The 2012 election season is promising to be one of the most unpredictable cycles in recent history. Experts from across The University of Texas at Austin will weigh in here on the politics and the issues: the economy, the environment, demographics, immigration, energy and social change.
Faculty will analyze, examine and provide their perspectives through a series of articles and videos starting with the primaries and taking you through the general election. Check back often, you never know what will happen next.
Watch the most recent video in the series “The voting trends of women“:
Read the most recent essay in the series “Tuning in to politics” by assistant professor of communication studies Natalie Stroud:
Last Tuesday afternoon, presidential candidate Rick Santorum dropped out of the race, clearing the way for Mitt Romney to grab the Republican nomination. This makes it all but official: general election season is upon us.
If prior research is any guide, the approaching presidential election will serve an important function: bringing people back into the fold of politics, the news and partisanship.
Although some of this is decidedly good news, we should be mindful of the potential pitfalls and what we might do as we get closer to Election Day. Continue reading this story …
Faculty member Tom Tweed discusses religion, its role in politics and its impact on this year’s election season with James Henson, director of the Texas Politics Project at The University of Texas at Austin. (Originally published Mar. 27.)
Professor and Radio-Television-Film Department Chair Paul Stekler discusses how Mitt Romney and the Republican Primary candidates have fared in the South with James Henson, director of the Texas Politics Project at The University of Texas at Austin. (Originally published Mar. 08.)
Older election-related videos:
- Bruce Buchanan and James Henson: “Surprises in the election campaign cycle so far” — Feb. 22
- Jason Casellas and James Henson: “Hispanic voters affect GOP strategy” — Feb. 2
- Paul Stekler: “Negative ads and political outcomes” — Feb. 1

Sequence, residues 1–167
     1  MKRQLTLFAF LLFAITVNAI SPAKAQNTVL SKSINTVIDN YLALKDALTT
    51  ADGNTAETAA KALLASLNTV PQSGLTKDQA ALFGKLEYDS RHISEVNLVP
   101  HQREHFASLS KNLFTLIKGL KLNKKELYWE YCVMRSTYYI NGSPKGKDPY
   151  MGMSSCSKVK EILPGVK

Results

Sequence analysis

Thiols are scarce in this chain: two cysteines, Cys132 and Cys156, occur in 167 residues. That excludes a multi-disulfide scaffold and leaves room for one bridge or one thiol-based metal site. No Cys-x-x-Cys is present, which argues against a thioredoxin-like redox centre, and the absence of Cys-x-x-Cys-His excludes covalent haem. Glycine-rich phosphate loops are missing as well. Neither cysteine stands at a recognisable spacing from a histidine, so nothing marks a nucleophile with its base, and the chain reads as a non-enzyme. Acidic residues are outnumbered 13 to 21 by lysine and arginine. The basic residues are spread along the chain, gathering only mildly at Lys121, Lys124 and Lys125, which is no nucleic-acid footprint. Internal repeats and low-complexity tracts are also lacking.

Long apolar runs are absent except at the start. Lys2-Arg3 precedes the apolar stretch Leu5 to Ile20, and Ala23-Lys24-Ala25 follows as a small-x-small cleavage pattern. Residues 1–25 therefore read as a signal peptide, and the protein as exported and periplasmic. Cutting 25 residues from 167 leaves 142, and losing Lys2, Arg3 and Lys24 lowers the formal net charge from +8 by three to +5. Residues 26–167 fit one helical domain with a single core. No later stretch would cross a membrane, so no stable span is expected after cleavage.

- Sean Theriault and James Henson: “The rallying cry of Newt Gingrich” — Jan. 24
- Jeremi Suri: “Forecasting the Republican presidential primaries” — Jan. 18
- Sherri Greenberg: “The pros and cons of Ron Paul” — Jan. 9
- Natalie Stroud: “Bias in our media choices” — Jan. 5
“Prophetic politics” by Journalism Professor Robert Jensen:
Does God take sides in the elections? Is there a voters’ guide hiding in our holy books? Should we pray for electoral inspiration?
Secular people, and many progressive religious folk, tend to answer “no.” Because religious fundamentalists so often present an easy-to-caricature version of faith-based politics – even to the point of implying that God would want us to vote for certain candidates – it’s tempting to want to banish talk of the divine from politics.
But a blanket claim that “religion and politics don’t mix” misunderstands the inevitable connection between the two. Whether secular or religious, our political judgments are always rooted in first principles – claims about what it means to be human that can’t be reduced to evidence and logic. Should people act purely out of self-interest, or is solidarity with others just as important? Under what conditions, if any, is the taking of a human life justified? What is the appropriate relationship of human beings to the larger living world? Continue reading this story …
Older election-related essays:
- Jeremi Suri writes about the campaign following Super Tuesday. — Mar. 7
- Tom Johnson writes about the role of journalists in campaign coverage. — Feb. 13
- Daniel Hamermesh writes about the consequences of Romney’s proposed minimum wage hike. — Feb. 9
- Jeremi Suri writes about the Florida primary momentum. — Feb. 1
- Texas Enterprise collected reactions from UT faculty members following President Barack Obama’s State of the Union speech. — Jan. 27
- Jeremi Suri writes about the Republican primaries in “And then there were four.” — Jan. 23